4 U A B C O M P R E H E N S I V E C A N C E R C E N T E R

cancer research

Informatics: Informational Science Social media has changed the way people communicate. It’s also changing the way clinical

research data is analyzed at the Cancer Center.

In January 2011, UAB established the Division of Informatics with the recruitment of Jonas

Almeida, Ph.D., from M.D. Anderson Cancer Center in Houston. Informatics—the use of

computational statistical tools for the management of information—is a construct that com-

bines computational research and tool development to integrate biomolecular and clinical

data and advance personalized medicine. To that end, collaborative research is configured

to incorporate computational statisticians and clinical researchers.

Informatics methods and infrastructure collect tremendous amounts of biomolecular and

clinical data and process it in computer programs that identify the pieces relevant to each

patient, assisting with the development of individualized treatment solutions. “By identify-

ing the granularity in the data about molecular phenomena instead of bundling different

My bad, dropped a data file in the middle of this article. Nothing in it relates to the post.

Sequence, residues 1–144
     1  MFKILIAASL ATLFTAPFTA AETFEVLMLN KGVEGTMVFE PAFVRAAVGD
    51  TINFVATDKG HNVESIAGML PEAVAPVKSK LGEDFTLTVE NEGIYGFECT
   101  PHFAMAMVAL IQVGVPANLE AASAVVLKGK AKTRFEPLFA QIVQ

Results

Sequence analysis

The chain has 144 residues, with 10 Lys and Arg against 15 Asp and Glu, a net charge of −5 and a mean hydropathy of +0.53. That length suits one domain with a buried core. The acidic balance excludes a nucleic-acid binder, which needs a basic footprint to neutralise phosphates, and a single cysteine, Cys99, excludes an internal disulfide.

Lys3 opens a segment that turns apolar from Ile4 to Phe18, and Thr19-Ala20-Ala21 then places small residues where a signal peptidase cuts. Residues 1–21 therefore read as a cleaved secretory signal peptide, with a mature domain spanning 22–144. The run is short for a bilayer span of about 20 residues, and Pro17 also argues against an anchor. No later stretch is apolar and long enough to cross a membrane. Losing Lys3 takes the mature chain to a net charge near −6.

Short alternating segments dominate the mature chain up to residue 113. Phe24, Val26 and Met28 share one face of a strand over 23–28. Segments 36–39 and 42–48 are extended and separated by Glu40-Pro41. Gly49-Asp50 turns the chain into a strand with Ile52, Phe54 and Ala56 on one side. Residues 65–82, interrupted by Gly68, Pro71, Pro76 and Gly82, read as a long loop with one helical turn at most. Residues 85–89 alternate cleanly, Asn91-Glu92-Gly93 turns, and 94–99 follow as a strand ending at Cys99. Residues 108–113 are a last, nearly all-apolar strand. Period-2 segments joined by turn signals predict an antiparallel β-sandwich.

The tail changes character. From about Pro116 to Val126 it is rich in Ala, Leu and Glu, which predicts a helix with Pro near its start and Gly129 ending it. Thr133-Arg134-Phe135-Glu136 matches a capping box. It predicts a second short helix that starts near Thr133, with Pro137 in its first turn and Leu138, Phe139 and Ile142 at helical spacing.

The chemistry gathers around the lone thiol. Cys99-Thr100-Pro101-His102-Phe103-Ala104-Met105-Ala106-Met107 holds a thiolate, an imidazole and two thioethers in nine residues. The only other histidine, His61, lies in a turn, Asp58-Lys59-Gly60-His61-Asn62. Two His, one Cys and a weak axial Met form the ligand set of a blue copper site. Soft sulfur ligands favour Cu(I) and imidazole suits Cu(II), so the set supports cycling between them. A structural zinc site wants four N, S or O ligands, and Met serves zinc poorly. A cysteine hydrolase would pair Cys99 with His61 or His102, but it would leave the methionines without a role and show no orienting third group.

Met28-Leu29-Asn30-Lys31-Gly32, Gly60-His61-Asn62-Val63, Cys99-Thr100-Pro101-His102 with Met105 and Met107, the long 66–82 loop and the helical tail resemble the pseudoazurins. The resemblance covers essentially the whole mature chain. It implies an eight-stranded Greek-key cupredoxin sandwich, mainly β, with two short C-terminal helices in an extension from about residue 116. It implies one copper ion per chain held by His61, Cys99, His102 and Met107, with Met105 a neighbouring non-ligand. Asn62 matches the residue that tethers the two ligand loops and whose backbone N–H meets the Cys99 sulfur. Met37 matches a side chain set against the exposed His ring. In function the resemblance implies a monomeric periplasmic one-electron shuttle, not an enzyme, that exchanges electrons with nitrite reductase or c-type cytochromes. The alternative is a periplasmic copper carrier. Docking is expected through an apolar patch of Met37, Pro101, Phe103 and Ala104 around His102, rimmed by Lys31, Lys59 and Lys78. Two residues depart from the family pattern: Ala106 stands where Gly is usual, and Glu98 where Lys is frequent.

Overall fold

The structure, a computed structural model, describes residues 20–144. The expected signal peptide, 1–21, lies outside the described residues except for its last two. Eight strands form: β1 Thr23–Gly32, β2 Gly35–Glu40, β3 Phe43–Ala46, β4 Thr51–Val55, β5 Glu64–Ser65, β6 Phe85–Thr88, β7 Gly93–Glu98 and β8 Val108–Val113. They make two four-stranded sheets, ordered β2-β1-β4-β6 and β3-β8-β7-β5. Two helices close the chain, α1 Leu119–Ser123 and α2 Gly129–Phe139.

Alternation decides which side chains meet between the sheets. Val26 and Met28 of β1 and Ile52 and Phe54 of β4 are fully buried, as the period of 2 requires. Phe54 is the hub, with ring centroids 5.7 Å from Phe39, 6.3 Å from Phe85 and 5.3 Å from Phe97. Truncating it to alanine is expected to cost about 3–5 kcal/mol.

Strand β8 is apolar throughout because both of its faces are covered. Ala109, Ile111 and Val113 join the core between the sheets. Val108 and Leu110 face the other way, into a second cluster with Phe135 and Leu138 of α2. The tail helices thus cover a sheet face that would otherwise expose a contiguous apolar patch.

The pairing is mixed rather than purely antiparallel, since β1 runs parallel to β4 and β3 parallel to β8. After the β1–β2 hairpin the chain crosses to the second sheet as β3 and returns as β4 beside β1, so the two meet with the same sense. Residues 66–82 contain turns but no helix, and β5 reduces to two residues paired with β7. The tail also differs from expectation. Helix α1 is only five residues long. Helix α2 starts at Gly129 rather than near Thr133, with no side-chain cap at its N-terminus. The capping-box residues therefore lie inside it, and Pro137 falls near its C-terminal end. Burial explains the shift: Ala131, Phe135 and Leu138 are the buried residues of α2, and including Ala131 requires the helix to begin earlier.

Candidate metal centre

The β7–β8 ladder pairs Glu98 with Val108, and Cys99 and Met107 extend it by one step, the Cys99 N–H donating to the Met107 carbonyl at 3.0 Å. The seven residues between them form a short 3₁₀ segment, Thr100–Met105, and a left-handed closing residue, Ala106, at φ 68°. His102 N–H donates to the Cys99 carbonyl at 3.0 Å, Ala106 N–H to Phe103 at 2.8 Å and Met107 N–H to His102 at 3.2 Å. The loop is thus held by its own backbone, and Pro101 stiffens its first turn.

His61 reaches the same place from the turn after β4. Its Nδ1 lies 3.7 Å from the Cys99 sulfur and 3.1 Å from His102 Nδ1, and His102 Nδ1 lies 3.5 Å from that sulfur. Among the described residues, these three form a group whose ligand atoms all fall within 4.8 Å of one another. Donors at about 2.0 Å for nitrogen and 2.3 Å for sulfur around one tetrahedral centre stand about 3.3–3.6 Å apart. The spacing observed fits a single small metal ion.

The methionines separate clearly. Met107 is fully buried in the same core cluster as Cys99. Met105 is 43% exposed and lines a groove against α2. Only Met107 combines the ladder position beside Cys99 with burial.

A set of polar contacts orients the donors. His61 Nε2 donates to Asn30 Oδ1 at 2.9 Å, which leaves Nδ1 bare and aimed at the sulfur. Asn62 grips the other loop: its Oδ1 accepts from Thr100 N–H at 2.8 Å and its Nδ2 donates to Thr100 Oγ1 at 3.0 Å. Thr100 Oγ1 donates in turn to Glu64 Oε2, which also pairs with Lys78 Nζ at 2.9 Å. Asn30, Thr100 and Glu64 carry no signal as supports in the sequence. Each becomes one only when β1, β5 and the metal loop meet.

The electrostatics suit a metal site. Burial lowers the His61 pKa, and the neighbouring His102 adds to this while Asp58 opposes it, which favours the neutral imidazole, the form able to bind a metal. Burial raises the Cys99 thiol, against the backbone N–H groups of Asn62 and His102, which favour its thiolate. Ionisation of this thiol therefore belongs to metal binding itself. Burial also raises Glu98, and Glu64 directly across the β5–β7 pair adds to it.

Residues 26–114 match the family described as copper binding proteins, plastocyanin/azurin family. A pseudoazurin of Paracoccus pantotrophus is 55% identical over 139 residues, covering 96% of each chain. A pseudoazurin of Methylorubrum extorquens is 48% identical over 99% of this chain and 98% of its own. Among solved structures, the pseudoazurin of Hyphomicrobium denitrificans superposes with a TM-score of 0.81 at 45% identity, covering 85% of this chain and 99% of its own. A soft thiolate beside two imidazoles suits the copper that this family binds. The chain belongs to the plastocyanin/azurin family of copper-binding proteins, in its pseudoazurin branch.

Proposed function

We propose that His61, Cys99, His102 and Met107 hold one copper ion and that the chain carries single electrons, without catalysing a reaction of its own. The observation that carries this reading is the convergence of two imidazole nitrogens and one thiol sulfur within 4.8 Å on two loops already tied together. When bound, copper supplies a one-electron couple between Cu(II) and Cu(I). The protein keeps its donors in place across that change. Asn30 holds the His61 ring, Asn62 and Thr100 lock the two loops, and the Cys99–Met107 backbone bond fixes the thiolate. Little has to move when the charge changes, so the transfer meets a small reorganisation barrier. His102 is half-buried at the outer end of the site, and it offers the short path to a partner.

people together, we end up with treatment solutions relevant to particular patients,” Dr.

Almeida says. “Also, a disease such as cancer is a disease of a system and should be treated

as such. It requires transdisciplinary researchers using transdisciplinary methods to solve

transdisciplinary problems.”

The informatics division is housed within the UAB Department of Pathology, which allows

it better access and integration with the clini-

cal realm. However, students who work in the

division range from M.D./Ph.D.s to engineering

and computer science majors. “New residents

know that informatics is going to make a clear

difference in their future research or practice,”

Dr. Almeida says. “We live in an increasingly

informational society, and the question is how

can we be exposed to the technologies that

will be used in the future, and how can we be

among those who develop them? Medicine is

becoming an informational science.”

By working from within the clinical environ-

ment, Dr. Almeida and his team are able to

protect the patient data they collect. In fact,

the data never leaves the clinic—rather, the

informatics solution travels to the data. “The

mathematics of the solution has to migrate to

the clinical environment,” he says. “My algo-

rithms and programs go to you. In essence, my

computer moves to your work environment.”

An example of this is a report generator for the

Cancer Center currently under development Cancer Center senior scientist Jonas Almeida, Ph.D.

http://the next generation of cancer research_uab_informatics_informational_science

http://the next generation of cancer research_uab_informatics_almeida